Why We Make Our Own Maple Syrup


| 3/29/2018 10:29:00 AM


Maple Syrup Arch

Finally, after years of talking about it, we tapped some sugar maple trees and boiled down the sap to make maple syrup. The syrup we produced is rich in maple flavour and tastes all the more delicious because we produced it ourselves.

Our home is in Southern Ontario, in the heart of the sugar maple’s (Acer saccharum) range. Around here, real maple syrup is easy to find at farmers markets, at farmgate sales on Mennonite farms or at any Maple Syrup Festival. Despite its easy availability, we wanted to try our hand at making it ourselves. It would be one more check mark on our list of Self-sufficiency To Dos.

We tried. We succeeded (with lots of room for improvement). And we’re doing it again next year. While not labour intensive, it does take time and effort to produce a batch of maple syrup. But for us, all that time and effort are worthwhile. Real maple syrup, in addition to being delicious, really is a better option than refined sugars and even some natural sugars.

Homemade Maple Syrup - A Natural Sugar

 Real maple syrup is a natural sugar, so too are honey and molasses. Each of these natural sugars offers us something different; not only in flavour, but also in terms of actual beneficial properties that we gain through consumption. Molasses, dark and thick, offers the most antioxidants compared with honey and maple syrup. Honey has more vitamins than maple syrup, but it also has more sugars, primarily from fructose. Maple syrup has more nutrients than honey and less overall sugar.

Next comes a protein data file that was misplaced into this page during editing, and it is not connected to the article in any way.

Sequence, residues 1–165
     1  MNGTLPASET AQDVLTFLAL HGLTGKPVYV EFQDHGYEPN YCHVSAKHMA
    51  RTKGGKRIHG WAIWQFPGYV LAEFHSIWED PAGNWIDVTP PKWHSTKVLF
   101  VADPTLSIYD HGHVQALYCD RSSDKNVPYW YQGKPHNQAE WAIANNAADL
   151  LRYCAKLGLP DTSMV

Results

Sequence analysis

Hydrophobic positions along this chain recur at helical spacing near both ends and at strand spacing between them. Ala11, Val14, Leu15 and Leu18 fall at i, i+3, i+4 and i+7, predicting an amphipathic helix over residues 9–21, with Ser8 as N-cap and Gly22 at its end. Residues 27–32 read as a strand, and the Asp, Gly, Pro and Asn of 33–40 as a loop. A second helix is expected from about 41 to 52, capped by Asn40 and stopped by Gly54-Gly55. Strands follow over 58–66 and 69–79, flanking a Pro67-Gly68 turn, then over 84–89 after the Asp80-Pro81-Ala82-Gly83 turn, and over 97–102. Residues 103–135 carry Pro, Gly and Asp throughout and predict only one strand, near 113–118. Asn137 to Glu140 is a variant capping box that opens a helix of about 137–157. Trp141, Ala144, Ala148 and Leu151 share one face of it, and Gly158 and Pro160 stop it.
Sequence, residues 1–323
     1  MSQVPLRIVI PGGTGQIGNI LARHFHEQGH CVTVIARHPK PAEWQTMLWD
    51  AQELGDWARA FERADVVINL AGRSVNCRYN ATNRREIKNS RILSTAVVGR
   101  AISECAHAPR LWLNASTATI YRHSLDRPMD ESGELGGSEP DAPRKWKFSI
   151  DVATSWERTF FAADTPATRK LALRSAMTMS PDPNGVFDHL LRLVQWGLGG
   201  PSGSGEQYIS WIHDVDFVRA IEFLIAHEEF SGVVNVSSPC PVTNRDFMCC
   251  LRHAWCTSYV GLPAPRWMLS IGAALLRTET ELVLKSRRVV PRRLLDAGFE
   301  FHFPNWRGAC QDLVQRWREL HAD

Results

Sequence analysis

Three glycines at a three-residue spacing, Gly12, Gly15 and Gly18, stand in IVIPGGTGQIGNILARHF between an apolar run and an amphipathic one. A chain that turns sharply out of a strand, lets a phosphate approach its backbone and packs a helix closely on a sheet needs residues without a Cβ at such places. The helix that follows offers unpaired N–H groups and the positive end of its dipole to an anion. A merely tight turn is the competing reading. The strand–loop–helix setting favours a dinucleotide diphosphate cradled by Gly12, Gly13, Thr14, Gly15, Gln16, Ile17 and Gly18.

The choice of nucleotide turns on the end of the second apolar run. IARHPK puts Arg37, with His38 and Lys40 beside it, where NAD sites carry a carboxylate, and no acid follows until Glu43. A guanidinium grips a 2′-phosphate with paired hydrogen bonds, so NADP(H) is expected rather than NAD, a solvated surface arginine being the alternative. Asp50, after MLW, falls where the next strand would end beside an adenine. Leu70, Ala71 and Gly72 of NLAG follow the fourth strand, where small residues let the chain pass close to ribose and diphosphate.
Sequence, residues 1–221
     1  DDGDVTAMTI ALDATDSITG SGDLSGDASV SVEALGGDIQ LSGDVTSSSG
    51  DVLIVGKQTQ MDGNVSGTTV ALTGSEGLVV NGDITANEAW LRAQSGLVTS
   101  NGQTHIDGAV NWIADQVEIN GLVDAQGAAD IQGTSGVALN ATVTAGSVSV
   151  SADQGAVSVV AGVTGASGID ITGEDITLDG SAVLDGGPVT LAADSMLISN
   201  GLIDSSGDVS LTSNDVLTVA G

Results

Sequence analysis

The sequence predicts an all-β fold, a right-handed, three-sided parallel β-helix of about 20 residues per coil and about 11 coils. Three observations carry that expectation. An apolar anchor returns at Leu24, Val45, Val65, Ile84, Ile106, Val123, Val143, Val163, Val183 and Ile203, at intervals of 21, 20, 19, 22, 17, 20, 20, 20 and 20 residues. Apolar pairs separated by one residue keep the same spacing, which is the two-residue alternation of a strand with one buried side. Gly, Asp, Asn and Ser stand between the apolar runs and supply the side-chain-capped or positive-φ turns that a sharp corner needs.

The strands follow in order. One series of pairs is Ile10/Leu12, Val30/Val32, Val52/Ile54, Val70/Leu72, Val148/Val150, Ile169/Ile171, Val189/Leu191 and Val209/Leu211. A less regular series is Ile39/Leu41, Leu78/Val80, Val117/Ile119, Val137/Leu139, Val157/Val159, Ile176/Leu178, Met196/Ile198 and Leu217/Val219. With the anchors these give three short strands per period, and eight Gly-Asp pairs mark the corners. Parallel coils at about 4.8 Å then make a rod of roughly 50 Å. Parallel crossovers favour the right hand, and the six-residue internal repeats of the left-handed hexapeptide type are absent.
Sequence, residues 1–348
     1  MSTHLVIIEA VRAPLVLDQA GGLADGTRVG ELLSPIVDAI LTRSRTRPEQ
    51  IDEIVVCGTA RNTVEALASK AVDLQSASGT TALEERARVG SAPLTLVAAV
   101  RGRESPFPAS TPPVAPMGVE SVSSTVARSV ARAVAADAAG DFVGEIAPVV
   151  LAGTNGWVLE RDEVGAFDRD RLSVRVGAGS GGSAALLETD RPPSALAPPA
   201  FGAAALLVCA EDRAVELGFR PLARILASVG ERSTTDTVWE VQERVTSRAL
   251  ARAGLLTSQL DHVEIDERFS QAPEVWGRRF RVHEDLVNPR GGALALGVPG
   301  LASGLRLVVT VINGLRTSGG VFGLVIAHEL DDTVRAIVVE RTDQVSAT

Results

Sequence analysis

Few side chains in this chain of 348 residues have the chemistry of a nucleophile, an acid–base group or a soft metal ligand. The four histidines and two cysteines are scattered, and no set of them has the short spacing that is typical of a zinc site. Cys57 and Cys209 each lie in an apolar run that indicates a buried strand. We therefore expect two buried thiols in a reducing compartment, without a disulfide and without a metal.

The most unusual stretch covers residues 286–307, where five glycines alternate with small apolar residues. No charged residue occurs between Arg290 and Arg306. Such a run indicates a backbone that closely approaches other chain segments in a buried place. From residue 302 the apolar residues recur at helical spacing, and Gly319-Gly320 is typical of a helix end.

When compared to refined sugars, real maple syrup is a much better option for our health. Where maple syrup replaces refined sugars in a diet, it yields a net benefit to health. Maple syrup, at its most basic, is the result of tree sap after 97% of the water has evaporated through boiling. Sugarcane stalks or sugar beets, in contrast, are mechanically harvested, cleaned, washed, milled, extracted, juiced, filtered, purified, vacuumed, and condensed. After all that processing, which occurs prior to actual sugar crystal formation, is it any wonder refined sugars are detrimental to our health?

rharrold
4/18/2018 8:29:21 PM

We had 15 taps (one tree had 2 taps, the rest were single) and used a starter kit purchased from TSC that included all the supplies. The spiles and buckets were food grade plastic. We live on a rural property in Brant County (http://harroldcountryhome.ca/). Traditionally, the time to tap in our neck of the woods is late February into early March, when daytime temperatures are over freezing and the sap begins to flow up into the trunk and branches. Unofficially, we watch for the "sap-cicles" that form on broken branches to know when the sap starts flowing.


rharrold
4/18/2018 8:29:20 PM

We had 15 taps (one tree had 2 taps, the rest were single) and used a starter kit purchased from TSC that included all the supplies. The spiles and buckets were food grade plastic. We live on a rural property in Brant County. Traditionally, the time to tap in our neck of the woods is late February into early March, when daytime temperatures are over freezing and the sap begins to flow up into the trunk and branches. Unofficially, we watch for the "sap-cicles" that form on broken branches to know when the sap starts flowing.


utahcanadian
4/2/2018 9:48:15 PM

Can your give more information on tapping the trees? What kind of taps did you use? How many taps per tree? How many trees were tapped? Are you in a rural or urban environment? How do your know when it is time to collect? I am from southern Ontario, so I'd love to know what town your are from.




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